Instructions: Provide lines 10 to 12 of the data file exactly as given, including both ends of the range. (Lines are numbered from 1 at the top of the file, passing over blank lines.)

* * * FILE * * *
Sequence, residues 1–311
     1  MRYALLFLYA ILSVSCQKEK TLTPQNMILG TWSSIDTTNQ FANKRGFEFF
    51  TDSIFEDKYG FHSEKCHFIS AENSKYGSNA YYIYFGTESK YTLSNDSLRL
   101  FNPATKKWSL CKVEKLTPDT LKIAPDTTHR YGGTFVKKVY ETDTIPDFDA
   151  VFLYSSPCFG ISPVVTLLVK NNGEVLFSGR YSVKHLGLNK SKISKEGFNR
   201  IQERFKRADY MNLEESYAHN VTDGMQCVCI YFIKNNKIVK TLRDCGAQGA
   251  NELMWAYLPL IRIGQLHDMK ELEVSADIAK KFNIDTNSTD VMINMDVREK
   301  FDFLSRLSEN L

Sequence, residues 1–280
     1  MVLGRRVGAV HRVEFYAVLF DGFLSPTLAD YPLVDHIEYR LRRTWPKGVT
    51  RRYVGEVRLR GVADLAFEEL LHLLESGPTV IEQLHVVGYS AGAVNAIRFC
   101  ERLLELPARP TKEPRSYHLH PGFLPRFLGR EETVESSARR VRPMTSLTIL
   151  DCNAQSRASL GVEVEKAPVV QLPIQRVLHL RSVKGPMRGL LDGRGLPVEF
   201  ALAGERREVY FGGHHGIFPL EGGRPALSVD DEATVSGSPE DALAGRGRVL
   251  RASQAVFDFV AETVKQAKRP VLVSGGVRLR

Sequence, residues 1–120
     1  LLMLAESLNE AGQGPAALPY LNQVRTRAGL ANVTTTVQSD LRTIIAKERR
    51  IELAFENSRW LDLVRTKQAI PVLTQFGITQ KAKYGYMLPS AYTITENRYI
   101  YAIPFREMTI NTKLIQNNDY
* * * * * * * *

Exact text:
     1  MVLGRRVGAV HRVEFYAVLF DGFLSPTLAD YPLVDHIEYR LRRTWPKGVT
    51  RRYVGEVRLR GVADLAFEEL LHLLESGPTV IEQLHVVGYS AGAVNAIRFC
   101  ERLLELPARP TKEPRSYHLH PGFLPRFLGR EETVESSARR VRPMTSLTIL